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Technology Trend
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Trend Overview

Impact:
Low
Realization:
5 - 10 Years
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Hyperloop can open up quick delivery opportunities for supply chains, reducing truck movements and continental delivery times from 3-4 days to overnight.

Relevance to the Future of Logistics

Middle-Mile Hyperloop

Like many transportation modes before it, hyperloop was first proposed for efficient, fast passenger transportation. However, with growing customer demand for faster deliveries, hyperloop has also become a potential logistics solution to speed middle-mile cargo deliveries.

DP World Cargospeed in the UAE is the world’s first initiative to build a hyperloop-powered cargo system; it successfully completed tests back in 2020 on 500 m (0.3 mi) of track. The system focuses on shuttling high-priority, time-sensitive palletized goods at up to 1,000 km/h (621 mph) from ports to regional distribution hubs, eyeing a route between Indian cities Pune and Mumbai as its first line. In another development in Europe, HyperloopTT plans to launch the world’s fastest freight system, with tube capsules moving as fast as 1,200 km/h (745 mph), a speed that exceeds a cruising Boeing 777. In 2022, this received further financial backing after passing a risk and safety assessment and meeting new European safety and insurance thresholds, putting HyperloopTT on track to pursue its freight plans further, including a joint project with the Port of Hamburg in Germany.

Overall, while still far into the future, hyperloop technology is passing key milestones that will enable it to one day provide real solutions for logistics and set a new standard for delivery speed.

Underground Urban Freight

As urbanization brings more people to cities, transportation activity on urban roads around the world is projected to more than double by 2050. Freight trucks taking goods in and out of cities will contribute to this and impact the environment, and logistics organizations will feel the consequences – longer and less reliable delivery times for customers.

Foreseeing this issue, the Swiss government in 2022 gave the go-ahead to Cargo Sous Terrain to begin constructing its privately financed underground system with phase 1 operations starting in 2031. In this first phase, specially designed cargo pods, including refrigerated units, each loaded at a surface facility with up to 2 pallets of freight will be lowered to an underground freight-only highway that connects 10 destinations along 70 km (43 mi) between Zurich and a regional logistics center. Using electric motors, the pods will travel to the required destination, where they will be lifted to the surface and unloaded. In this way, freight can be delivered directly into urban centers without adding to or being affected by road congestion. If successful, by 2045, phase 2 will expand the system to include other major Swiss cities like Geneva, Bern, and Basel.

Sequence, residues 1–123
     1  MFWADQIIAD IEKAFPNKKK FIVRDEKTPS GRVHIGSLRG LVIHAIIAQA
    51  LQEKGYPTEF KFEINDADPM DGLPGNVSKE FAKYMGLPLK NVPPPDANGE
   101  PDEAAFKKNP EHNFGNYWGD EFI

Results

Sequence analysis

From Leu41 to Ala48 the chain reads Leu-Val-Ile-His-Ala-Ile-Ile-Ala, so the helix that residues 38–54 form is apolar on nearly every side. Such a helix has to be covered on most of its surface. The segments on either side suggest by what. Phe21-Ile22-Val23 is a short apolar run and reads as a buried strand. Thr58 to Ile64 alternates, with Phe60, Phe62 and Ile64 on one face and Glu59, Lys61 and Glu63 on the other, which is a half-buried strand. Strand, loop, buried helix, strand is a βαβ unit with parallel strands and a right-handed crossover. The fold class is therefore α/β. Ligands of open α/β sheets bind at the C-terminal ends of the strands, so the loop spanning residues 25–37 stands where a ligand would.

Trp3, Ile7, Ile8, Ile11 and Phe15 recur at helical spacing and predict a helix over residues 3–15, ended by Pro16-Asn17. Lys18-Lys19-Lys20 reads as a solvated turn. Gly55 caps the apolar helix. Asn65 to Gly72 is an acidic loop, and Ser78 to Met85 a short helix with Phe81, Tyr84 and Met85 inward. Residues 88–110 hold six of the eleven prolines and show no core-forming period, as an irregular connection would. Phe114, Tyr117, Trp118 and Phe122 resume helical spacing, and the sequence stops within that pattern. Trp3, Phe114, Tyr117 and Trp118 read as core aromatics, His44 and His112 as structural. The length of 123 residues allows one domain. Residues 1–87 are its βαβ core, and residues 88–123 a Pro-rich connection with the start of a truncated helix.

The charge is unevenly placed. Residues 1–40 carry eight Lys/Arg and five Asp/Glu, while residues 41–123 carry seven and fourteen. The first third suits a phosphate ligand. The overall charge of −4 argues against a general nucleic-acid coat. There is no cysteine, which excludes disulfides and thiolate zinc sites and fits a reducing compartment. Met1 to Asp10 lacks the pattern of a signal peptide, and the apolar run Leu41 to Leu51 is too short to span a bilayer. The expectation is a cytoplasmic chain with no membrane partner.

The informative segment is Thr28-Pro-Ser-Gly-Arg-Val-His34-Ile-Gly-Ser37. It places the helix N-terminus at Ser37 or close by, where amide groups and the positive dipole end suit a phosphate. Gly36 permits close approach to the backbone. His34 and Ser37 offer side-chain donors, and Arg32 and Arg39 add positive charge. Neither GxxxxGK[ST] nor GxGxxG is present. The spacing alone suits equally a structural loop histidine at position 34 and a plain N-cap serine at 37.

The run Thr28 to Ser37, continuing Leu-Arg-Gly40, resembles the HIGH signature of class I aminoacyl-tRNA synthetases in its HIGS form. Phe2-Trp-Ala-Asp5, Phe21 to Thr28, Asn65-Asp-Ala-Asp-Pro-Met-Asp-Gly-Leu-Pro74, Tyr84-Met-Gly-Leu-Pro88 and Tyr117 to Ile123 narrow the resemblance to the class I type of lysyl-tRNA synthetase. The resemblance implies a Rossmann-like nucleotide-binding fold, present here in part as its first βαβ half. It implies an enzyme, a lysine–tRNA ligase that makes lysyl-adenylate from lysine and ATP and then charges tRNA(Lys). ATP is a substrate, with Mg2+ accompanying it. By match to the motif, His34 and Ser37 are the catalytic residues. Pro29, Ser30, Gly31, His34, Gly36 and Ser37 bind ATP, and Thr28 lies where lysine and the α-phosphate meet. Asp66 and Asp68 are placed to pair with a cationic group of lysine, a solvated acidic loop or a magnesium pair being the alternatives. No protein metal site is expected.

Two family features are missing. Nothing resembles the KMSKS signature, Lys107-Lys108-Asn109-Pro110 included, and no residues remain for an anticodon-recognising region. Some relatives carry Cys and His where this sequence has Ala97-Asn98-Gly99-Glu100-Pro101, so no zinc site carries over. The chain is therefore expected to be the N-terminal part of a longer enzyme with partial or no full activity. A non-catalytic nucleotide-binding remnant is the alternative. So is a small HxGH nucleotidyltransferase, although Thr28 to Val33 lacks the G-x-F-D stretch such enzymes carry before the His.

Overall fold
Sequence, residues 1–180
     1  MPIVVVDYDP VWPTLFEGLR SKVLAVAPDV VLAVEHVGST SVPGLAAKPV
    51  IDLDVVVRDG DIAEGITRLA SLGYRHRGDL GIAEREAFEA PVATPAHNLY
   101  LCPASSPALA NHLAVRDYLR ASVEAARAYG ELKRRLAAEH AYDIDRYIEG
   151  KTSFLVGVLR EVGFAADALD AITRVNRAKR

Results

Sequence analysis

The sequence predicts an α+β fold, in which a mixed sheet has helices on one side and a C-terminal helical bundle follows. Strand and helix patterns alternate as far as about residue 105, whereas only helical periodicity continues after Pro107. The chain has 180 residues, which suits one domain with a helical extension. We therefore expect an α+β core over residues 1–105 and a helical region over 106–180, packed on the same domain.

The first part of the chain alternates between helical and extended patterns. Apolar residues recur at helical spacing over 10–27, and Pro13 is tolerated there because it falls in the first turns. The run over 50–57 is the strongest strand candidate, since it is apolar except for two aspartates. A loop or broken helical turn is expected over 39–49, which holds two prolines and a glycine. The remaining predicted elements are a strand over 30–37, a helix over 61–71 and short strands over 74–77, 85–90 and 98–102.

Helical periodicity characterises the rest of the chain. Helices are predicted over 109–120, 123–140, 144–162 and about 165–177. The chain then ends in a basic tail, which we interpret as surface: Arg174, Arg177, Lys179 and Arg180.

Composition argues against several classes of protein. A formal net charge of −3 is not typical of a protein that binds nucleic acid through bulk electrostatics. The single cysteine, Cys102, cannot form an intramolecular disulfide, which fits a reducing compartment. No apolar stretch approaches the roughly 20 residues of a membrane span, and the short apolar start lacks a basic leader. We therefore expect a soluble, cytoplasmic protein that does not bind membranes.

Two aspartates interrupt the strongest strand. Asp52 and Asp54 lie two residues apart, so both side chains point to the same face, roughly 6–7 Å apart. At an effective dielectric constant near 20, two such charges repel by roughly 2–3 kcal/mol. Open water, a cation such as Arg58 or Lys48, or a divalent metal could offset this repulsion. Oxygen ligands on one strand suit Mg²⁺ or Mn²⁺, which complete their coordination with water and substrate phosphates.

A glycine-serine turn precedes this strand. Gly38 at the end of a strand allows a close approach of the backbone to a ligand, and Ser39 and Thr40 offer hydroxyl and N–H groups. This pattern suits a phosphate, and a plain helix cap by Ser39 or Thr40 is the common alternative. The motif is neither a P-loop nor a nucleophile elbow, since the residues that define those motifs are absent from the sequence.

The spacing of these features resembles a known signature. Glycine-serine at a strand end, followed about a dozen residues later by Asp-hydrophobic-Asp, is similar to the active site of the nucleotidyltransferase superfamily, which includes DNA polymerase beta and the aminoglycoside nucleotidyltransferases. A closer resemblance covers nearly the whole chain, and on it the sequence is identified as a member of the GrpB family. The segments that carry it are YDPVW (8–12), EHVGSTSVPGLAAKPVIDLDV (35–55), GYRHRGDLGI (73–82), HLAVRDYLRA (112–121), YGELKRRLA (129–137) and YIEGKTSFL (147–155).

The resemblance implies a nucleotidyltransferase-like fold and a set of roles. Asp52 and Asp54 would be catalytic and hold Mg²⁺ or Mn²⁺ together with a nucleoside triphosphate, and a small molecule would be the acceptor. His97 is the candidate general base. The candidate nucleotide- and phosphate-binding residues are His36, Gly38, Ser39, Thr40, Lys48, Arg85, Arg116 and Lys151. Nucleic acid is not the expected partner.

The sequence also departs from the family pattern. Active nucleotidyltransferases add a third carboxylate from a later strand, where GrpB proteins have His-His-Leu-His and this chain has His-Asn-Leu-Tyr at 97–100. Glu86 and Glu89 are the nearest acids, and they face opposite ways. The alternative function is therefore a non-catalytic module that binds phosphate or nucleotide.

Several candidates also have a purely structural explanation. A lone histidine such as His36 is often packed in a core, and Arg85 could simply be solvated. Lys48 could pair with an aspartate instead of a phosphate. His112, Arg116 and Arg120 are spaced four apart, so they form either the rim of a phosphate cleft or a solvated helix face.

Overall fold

With urban roads around the world projected to suffer large increases in congestion in the coming decades, logistics organizations should monitor underground system developments, mindful that in time they may provide a valuable way to protect urban delivery times despite traffic delays.

Challenges

As this is relatively new technology, it will be challenging and expensive to build tube-based transportation.
Tube system infrastructure will lack flexibility yet still require additional first- and last-mile delivery capabilities.
With no current fully operational tube system, it is difficult to anticipate the impact of this technology on supply chain operations.

This trend should be PASSIVELY monitored, with applications still mostly being developed or explored.

Outlook

The trend of Tube Systems is slowly advancing towards realization for cargo transport. It will still be many years before logistics organizations can take advantage of this congestion-free mode of transportation. As the first systems open, however, we here at DHL anticipate many more will be announced and constructed as supply chain players and society as a whole realize the benefits.

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Sources
  1. Global Fleet (2021): Alarming traffic congestion data highlights need for mobility solutions
  2. Organization for Economic Co-operation and Development (OECD) (2021): ITF transport outlook 2021